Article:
Washington, March 23, 2016 – Reinforcing the Obama administration’s planned “comprehensive effort to declassify” historical records on Argentina’s dirty war, the National Security Archive today posted examples of the kinds of materials in U.S. government files that would most likely enhance public understanding of that troubled period in Latin American history. The posted documents, relating not just to regional developments but to official U.S. policy and operations, were declassified either through similar government decrees -- thus setting a useful precedent for current administration officials -- or the U.S. Freedom of Information Act.
In August 2002, the State Department released 4,700 documents on Argentina dating from 1975 to 1984. Declassified under a directive from Secretary of State Madeleine Albright during the Clinton administration, the documents were processed and delivered to the public during the administration of George W. Bush. The State Department acted in response to numerous requests in the late 1990’s and early 2000’s from human rights groups as well as from Argentine judges investigating abuses under military rule.
That release produced valuable information but was limited mostly to reporting from the U.S. Embassy in Buenos Aires on Argentina events. The U.S. Justice Department tried to elicit similar responses from other agencies to the Argentine judges’ requests under the Mutual Legal Assistance Treaty (MLAT), but only State chose to comply by undertaking a major declassification. The FBI, CIA and Defense Department declined to participate in the process,
Yet, in the case of other countries like Chile, Guatemala and El Salvador, declassified U.S. intelligence, defense and FBI records have been key to supplying critical information about local command structures, clandestine operations, and human rights violations. In 1999, for example, intense international pressure following the arrest of Augusto Pinochet led the Clinton White House to release over 20,000 pages of documentation on “human rights abuses, terrorism, and other acts of political violence in Chile." Unlike the later Argentina case, that project involved several agencies: the Department of State, the CIA, the National Security Council, the Department of Defense, the Department of Justice, the FBI, and the U.S. National Archives.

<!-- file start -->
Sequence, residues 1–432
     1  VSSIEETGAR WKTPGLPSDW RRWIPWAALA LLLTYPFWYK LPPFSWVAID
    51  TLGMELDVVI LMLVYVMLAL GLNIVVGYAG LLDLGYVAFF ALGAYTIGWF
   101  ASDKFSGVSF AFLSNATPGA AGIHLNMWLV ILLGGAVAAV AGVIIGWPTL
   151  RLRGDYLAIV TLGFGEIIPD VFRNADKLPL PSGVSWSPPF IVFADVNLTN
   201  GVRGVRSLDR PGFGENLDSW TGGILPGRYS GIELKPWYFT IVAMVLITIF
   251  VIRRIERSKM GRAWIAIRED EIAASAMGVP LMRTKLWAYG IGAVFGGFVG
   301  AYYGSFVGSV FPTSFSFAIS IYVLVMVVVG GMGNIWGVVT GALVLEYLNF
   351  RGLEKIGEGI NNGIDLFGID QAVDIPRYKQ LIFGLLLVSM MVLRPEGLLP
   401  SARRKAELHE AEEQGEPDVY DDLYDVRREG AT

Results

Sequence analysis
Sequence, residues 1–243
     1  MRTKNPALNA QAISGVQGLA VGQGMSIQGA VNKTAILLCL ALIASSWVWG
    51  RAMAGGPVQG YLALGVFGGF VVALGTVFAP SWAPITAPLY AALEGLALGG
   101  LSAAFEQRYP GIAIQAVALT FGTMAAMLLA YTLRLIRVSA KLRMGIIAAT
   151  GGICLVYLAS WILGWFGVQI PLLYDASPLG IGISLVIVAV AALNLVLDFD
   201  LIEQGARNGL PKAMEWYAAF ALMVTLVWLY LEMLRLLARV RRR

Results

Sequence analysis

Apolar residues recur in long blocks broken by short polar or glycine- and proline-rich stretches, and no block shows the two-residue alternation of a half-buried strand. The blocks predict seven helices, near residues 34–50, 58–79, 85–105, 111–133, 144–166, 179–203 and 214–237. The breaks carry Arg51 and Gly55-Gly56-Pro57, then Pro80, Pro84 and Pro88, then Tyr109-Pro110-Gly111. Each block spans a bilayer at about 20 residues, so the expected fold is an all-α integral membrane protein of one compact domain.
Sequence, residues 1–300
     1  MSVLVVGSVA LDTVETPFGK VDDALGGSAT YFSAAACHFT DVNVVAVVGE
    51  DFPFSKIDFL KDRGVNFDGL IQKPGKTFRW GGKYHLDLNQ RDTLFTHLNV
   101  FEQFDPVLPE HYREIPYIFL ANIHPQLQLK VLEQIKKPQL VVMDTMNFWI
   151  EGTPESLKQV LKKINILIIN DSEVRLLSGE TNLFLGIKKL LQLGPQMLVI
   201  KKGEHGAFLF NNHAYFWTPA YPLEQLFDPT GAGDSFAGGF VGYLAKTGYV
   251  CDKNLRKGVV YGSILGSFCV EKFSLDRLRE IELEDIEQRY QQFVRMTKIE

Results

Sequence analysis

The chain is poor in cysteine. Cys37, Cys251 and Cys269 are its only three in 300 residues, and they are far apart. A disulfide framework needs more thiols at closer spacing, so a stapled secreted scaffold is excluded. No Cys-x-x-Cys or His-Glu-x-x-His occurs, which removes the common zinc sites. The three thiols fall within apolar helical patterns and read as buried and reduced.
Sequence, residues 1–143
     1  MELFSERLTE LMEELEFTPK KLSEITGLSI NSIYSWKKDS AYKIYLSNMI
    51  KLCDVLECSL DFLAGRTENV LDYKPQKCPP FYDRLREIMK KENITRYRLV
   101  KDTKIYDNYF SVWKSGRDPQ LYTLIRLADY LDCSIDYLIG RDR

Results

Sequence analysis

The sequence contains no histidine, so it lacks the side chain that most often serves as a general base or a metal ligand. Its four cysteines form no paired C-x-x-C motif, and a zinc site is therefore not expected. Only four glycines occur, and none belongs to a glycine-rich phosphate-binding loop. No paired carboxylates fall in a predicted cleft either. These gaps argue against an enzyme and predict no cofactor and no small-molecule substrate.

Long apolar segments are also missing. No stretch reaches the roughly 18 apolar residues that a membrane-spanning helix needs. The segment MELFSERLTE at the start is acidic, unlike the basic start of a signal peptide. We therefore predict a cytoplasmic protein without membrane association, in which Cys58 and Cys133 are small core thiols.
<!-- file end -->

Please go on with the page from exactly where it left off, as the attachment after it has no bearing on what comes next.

These materials have had a powerful impact not only on the public’s awareness of events but on the personal lives of numerous victims and relatives of victims. For example, one of the records from the 1999 Chile Declassification posted today is a Defense Intelligence Agency (DIA) information report providing details about an operation carried out by Argentine intelligence andUruguayan military intelligence in September 1976 against the Uruguayan insurgent organization, OPR-33 in Buenos Aires.
As a result of this raid, dozens of Uruguayans living in Buenos Aires were disappeared. Among them were Jorge Zaffaroni and Maria Emilia Islas de Zaffaroni, and their 18 month old daughterMariana Zaffaroni Islas. Mariana was illegally appropriated and raised by one of the Argentine SIDE officers. She was DNA tested and her identity “recovered” by the Argentine Abuelas de Plaza de Mayo in 1992, when she was 17 years old.
The documents posted here today attest to the fact that these kinds of materials have the same potential to help Argentines in their pursuit of truth, human rights and justice. Still-classified documents in U.S. files undoubtedly describe similar operations against Argentine insurgents, dissidents and opposition, and would therefore significantly advance public comprehension of another historically significant episode of military repression in the region.
Furthermore, as important as the State Department’s 2002 Argentina declassification was, those records excluded an essential category of materials: documentation on U.S. policy toward Argentina. Only through dedicated research efforts over many years by individuals, news media and civil society organizations has the public managed to gain critical insights into previously classified aspects of the Washington decision-making process.
The most prominent case is that of then-Secretary of State Henry Kissinger. Shortly after the 1976 coup, according to declassified State Department minutes of Kissinger’s staff meetings located at the National Archives and included here, his own Latin America specialists warned him “to expect a fair amount of repression, probably a good deal of blood, in Argentina.” Kissinger, however, made clear that he wanted to show unstinting support for the new military junta (see document below). This approach, which effectively granted protective cover for major regime human rights violations, lasted until the end of Kissinger’s tenure in January 1977.
In addition to the policy process, another area of significant public interest would be what U.S. intelligence and military personnel were aware of, and what kinds of operations they conducted, during the coup and subsequent counterinsurgency campaign that started in 1976. According to Assistant Secretary of State for Human Rights Pat Derian in early 1977: “The U.S. military and our intelligence agencies… [are] sending a dangerous and double message. If this continues, it will subvert our [President Carter’s] entire human rights policy.” (See document below)
It was on the basis of documented historical examples like those posted here today that The New York Times, in an editorial published on March 17, 2016, concluded that during his visit to Argentina, President Obama “should make a pledge that Washington will more fully reveal its role in a dark chapter of Argentine history.”